Testing Establishes Exact Fertiliser Needs
Investing in a handheld nitrogen tester and using variable rate nitrogen fertiliser has enabled Cust farmer Roscoe Taggart to significantly reduce the amount of fertiliser he applies to his family’s 730-hectare arable and sheep operation which has resulted in cost savings and environmental benefits.
Roscoe is participating in a farming innovation project, which examines how the next generation of farmers are using innovative approaches to improve their farming practices. Waimakariri Landcare Trust (WLT) and Waimakariri Irrigation Limited (WIL) have partnered with the Ministry for Primary Industries (MPI) for the project, with support from MPI’s Sustainable Food and Fibre Futures fund along with Environment Canterbury, Ballance, and DairyNZ.
Roscoe says the cost savings of applying variable rate nitrogen fertiliser compared to a traditional blanket approach are “astronomical”. He grid-sampled his paddocks and then determined the exact amount fertiliser required for each block via nitrogen sensors attached to the roof of his tractor.
“We have spread triple super for our phosphate and potash for our potassium as our base fertiliser. Where in the past we would have gone with a blanket approach we have been able to save a huge amount on fert this season by using variable rate.
“I think it’s incredibly worthwhile to invest in variable rate technology and it feels wrong now to put a blanket application across a paddock when I know how much variability there is within a single paddock.”
Roscoe has gone a step further to hone his precision techniques when applying fertiliser by purchasing a handheld nitrogen tester which he can use to fine tune applications throughout the growing season. Within ten minutes of the test, the nitrogen level of the plant is provided, and Roscoe and his team can then put this figure into the N sensor which then provides a starting point for the variable rate spreading of nitrogen.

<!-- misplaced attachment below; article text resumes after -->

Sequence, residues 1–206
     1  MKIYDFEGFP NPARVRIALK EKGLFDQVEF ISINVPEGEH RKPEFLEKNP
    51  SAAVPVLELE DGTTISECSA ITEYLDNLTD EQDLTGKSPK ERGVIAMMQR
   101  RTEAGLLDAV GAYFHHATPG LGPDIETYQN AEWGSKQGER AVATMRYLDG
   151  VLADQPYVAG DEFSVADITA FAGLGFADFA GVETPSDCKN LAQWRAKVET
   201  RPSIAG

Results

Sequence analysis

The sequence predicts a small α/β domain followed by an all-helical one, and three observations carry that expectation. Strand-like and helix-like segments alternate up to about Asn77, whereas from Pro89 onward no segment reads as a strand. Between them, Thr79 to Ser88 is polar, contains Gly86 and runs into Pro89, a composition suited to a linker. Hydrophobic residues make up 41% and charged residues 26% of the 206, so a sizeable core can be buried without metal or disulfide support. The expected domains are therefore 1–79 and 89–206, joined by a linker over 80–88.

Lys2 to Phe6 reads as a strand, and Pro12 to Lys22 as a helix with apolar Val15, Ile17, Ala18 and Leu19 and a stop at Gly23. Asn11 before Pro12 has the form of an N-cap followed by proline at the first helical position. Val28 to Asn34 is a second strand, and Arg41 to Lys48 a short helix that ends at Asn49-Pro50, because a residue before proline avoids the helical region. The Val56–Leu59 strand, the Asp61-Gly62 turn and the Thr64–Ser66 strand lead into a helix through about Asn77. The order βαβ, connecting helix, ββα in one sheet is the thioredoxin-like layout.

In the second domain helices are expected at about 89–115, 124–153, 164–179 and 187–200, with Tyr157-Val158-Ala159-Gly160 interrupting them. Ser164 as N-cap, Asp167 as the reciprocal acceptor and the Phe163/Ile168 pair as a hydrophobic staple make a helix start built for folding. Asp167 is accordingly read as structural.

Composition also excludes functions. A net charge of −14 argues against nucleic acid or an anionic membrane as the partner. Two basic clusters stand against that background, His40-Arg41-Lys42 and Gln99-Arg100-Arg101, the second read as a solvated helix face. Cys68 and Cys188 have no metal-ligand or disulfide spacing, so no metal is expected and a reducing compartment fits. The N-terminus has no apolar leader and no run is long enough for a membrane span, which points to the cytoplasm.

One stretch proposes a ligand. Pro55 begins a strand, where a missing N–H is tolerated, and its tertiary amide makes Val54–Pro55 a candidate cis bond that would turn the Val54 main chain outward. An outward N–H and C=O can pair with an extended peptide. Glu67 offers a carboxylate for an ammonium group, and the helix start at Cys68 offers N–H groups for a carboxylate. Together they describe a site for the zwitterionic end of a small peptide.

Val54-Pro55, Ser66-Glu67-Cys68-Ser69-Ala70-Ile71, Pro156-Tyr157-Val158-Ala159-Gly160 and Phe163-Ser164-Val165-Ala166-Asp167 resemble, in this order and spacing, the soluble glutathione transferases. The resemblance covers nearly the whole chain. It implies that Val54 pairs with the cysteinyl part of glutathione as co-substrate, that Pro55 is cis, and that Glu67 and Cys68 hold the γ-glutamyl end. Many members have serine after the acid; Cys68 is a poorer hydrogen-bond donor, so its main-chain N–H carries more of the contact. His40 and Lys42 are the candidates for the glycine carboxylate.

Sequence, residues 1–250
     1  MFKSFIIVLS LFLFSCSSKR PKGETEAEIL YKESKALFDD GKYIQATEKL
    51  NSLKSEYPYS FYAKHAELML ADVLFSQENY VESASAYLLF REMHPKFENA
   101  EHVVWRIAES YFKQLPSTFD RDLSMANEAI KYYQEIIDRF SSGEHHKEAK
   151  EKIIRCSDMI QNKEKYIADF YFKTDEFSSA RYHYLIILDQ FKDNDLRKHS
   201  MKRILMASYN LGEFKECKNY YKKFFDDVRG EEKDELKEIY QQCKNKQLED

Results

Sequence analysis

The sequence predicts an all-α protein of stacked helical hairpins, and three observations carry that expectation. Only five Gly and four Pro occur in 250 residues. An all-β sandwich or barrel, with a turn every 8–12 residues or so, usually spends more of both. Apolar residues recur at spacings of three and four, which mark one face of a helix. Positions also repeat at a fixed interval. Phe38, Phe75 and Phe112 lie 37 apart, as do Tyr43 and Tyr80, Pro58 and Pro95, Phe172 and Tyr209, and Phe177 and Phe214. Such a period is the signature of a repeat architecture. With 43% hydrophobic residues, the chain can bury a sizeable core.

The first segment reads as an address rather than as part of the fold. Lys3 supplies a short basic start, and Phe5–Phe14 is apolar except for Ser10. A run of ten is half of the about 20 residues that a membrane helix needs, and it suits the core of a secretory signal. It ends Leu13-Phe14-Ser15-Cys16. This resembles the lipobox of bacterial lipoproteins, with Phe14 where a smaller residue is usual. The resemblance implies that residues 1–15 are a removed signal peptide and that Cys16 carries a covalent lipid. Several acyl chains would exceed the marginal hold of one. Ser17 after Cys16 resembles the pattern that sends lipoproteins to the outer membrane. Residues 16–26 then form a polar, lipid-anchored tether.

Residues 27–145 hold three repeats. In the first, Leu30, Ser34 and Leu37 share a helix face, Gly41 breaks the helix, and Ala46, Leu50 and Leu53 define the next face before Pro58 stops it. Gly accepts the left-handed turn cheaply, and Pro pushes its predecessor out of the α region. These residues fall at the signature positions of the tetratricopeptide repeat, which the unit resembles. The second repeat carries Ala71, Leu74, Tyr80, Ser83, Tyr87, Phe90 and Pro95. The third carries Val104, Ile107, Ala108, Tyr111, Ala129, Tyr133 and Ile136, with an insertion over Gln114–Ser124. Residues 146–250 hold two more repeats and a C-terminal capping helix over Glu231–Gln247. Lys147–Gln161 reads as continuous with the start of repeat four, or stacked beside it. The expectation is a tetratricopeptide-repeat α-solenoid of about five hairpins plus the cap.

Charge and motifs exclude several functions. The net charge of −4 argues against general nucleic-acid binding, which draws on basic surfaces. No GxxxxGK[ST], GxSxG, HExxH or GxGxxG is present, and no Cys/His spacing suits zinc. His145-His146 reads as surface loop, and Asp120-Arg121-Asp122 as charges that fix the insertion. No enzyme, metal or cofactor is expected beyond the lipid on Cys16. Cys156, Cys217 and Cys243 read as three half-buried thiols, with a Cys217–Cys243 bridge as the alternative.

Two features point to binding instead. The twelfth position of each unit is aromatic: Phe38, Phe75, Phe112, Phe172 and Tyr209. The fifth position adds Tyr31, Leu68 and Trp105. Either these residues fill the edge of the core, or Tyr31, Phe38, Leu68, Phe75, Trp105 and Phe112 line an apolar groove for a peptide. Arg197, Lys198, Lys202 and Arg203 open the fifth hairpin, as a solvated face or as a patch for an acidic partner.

“I have just purchased a Yara N-Tester which we will use to test rye grass, cereals, and brassicas to make sure we have the correct levels of nitrates. It is simple to use and allows us to find out what the N levels are and to see if we need to apply a little bit more or a bit less fertiliser.
“Hopefully, in combination with the N sensors on the tractor we will be able to be even more precise in how we do things. When it comes to managing the cost of inputs, I really believe that precision technology will help us to stay viable when looking ahead with rising costs and increasing environmental regulation.
“Anything that enables us to do more with less is better for our bottom line and for the environment.”
Crop sampling with the hand-held nitrogen tester will start in late August or early September and Roscoe says this will help to determine which elements are required by the plants, while avoiding a blanket application approach.
“We will get a good idea of where the crops are sitting early in the season and if there is anything missing, we can address that early on.”
This season Roscoe will continue with the same crops; however, he is considering trialling a regen paddock and comparing this to a conventional farming paddock to work out if there is a financial benefit to this type of farming.
“I want to have the two paddocks side by side and do a gross margin on both, so I have real data to show how they compare. I am a huge fan of on-farm comparisons and giving things a go because until you try something you never truly know if it works.”